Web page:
The American Culture of War

The History of U.S. Military Force from World War II to Operation Enduring Freedom

Author: Adrian R. Lewis

Publisher: Routledge

ISBN: 1134845138

Category: History

Page: 564

View: 7669

Now in its third edition, The American Culture of War presents a sweeping critical examination of every major American war since 1941: World War II, Korea, Vietnam, the First and Second Persian Gulf Wars, U.S. operations in Iraq and Afghanistan, and the war against ISIS. As he carefully considers the cultural forces that surrounded each military engagement, Adrian Lewis offers an original and provocative look at the motives, people and governments used to wage war, the discord among military personnel, the flawed political policies that guided military strategy, and the civilian perceptions that characterized each conflict. This third edition features: A new structure focused more exclusively on the character and conduct of the wars themselves Updates to account for the latest, evolving scholarship on these conflicts An updated account of American military involvement in the Middle East, including the abrupt rise of ISIS The new edition of The American Culture of War remains a comprehensive and essential resource for any student of American wartime conduct.

Die Kultur der Niederlage

Der amerikanische Süden 1865 - Frankreich 1871 - Deutschland 1918

Author: Wolfgang Schivelbusch

Publisher: Rowohlt Verlag GmbH

ISBN: 3644018618

Category: History

Page: 470

View: 468

Zehn Jahre nach dem letzten großen Zusammenbruch, dem des sowjetischen Imperiums, scheint die Zeit reif für eine Reihe historischer Fragen. Destilliert aus der Geschichte der drei Niederlagenklassiker – des amerikanischen Südens nach 1865, Frankreichs nach 1871 und Deutschlands nach 1918 –, lassen sie sich etwa so formulieren: Wie wurden im Zeitalter der Erlöserideologie des Nationalsozialismus große Zusammenbrüche erlebt? Welche Mythen von Verrat oder Heroisierung bildeten sich dabei? Und welcher Zusammenhang besteht zwischen dem äußeren Unterliegen und jenen inneren Revolutionen, die der verlorene Krieg überall zur Folge hat? Wolfgang Schivelbusch ist diesen Fragen nachgegangen, und er zeichnet die aus tiefer Demütigung kommenden Energieschübe nach, die Niederlagen bringen. So legten sich die amerikanischen Südstaaten nach dem Bürgerkrieg erfolgreich ein legendenhaftes Images zu, das unter anderem «Vom Winde verweht» und seine Plantagenromantik schuf; so kam es in Frankreich nach 1871 zu umfassenden politischen und kulturellen Neuerungen; so brach das Deutsche Reich, nachdem der Erste Weltkrieg verloren war, auf etlichen Feldern in eine kraftvolle Moderne auf. Schivelbuschs Buch wird Staub aufwirbeln, auch weil es voller aktueller Bezugspunkte ist. Und es verweist auf die eigentümliche Stärke der Besiegten: daß sie früher und besser wissen, was die Stunde geschlagen hat.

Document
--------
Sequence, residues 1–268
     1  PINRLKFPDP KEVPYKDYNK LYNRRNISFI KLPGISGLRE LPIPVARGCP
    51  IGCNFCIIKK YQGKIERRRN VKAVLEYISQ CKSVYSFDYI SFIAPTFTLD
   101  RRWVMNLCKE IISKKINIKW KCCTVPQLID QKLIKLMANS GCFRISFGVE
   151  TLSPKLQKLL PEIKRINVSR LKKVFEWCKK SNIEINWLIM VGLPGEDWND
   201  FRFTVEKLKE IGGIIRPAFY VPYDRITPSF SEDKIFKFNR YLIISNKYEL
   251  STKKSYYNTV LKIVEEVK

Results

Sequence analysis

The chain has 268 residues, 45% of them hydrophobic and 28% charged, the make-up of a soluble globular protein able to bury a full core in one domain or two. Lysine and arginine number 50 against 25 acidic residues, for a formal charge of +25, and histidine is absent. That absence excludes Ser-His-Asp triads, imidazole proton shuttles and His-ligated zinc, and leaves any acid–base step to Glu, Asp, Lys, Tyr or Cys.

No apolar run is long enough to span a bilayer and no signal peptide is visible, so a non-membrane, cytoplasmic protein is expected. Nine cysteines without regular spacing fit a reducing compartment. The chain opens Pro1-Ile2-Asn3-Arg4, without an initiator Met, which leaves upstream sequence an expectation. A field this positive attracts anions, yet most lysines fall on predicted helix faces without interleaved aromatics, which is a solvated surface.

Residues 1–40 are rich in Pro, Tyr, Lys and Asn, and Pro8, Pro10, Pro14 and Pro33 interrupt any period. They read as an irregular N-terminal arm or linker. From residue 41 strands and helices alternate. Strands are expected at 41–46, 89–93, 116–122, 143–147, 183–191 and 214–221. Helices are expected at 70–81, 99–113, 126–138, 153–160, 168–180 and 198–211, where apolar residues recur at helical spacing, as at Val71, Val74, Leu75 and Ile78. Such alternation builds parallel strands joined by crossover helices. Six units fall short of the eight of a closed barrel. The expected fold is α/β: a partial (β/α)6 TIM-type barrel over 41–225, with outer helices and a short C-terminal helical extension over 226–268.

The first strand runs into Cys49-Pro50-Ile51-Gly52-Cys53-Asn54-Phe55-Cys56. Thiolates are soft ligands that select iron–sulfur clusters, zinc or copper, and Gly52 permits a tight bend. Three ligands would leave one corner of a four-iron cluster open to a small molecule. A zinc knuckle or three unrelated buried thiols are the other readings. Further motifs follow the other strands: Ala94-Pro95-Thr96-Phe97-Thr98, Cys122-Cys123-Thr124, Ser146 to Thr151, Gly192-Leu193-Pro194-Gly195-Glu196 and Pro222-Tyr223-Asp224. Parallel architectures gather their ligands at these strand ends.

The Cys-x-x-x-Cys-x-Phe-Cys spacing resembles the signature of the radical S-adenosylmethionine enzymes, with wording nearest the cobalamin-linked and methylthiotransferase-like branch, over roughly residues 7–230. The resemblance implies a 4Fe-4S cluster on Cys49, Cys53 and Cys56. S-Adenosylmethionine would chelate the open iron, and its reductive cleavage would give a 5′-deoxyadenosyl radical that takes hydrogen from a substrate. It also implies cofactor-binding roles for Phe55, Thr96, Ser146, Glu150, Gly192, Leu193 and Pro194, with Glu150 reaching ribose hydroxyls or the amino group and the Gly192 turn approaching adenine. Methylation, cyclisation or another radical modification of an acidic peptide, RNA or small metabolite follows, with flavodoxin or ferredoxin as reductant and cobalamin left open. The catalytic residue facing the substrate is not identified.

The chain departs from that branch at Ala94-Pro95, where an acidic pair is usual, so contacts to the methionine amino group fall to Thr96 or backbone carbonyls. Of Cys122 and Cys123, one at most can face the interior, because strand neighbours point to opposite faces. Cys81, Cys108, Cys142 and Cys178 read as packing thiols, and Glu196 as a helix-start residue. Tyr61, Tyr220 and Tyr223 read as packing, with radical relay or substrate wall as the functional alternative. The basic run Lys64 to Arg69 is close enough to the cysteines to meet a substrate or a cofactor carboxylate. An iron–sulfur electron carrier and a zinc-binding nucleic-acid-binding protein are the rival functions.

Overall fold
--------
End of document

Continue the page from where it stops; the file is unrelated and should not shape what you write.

Stalins letzte Opfer

verschleppte und erschossene Österreicher in Moskau, 1950-1953

Author: Stefan Karner

Publisher: Böhlau Verlag Wien

ISBN: 9783205782810

Category: Austria

Page: 676

View: 4747


Technology and the American Way of War Since 1945

Author: Thomas G. Mahnken

Publisher: Columbia University Press

ISBN: 0231517882

Category: History

Page: 256

View: 5773

No nation in recent history has placed greater emphasis on the role of technology in planning and waging war than the United States. In World War II the wholesale mobilization of American science and technology culminated in the detonation of the atomic bomb. Competition with the Soviet Union during the Cold War, combined with the U.S. Navy's culture of distributed command and the rapid growth of information technology, spawned the concept of network-centric warfare. And America's post-Cold War conflicts in Iraq, the former Yugoslavia, and Afghanistan have highlighted America's edge. From the atom bomb to the spy satellites of the Cold War, the strategic limitations of the Vietnam War, and the technological triumphs of the Gulf war, Thomas G. Mahnken follows the development and integration of new technologies into the military and emphasizes their influence on the organization, mission, and culture of the armed services. In some cases, advancements in technology have forced different branches of the military to develop competing or superior weaponry, but more often than not the armed services have molded technology to suit their own purposes, remaining resilient in the face of technological challenges. Mahnken concludes with an examination of the reemergence of the traditional American way of war, which uses massive force to engage the enemy. Tying together six decades of debate concerning U.S. military affairs, he discusses how the armed forces might exploit the unique opportunities of the information revolution in the future.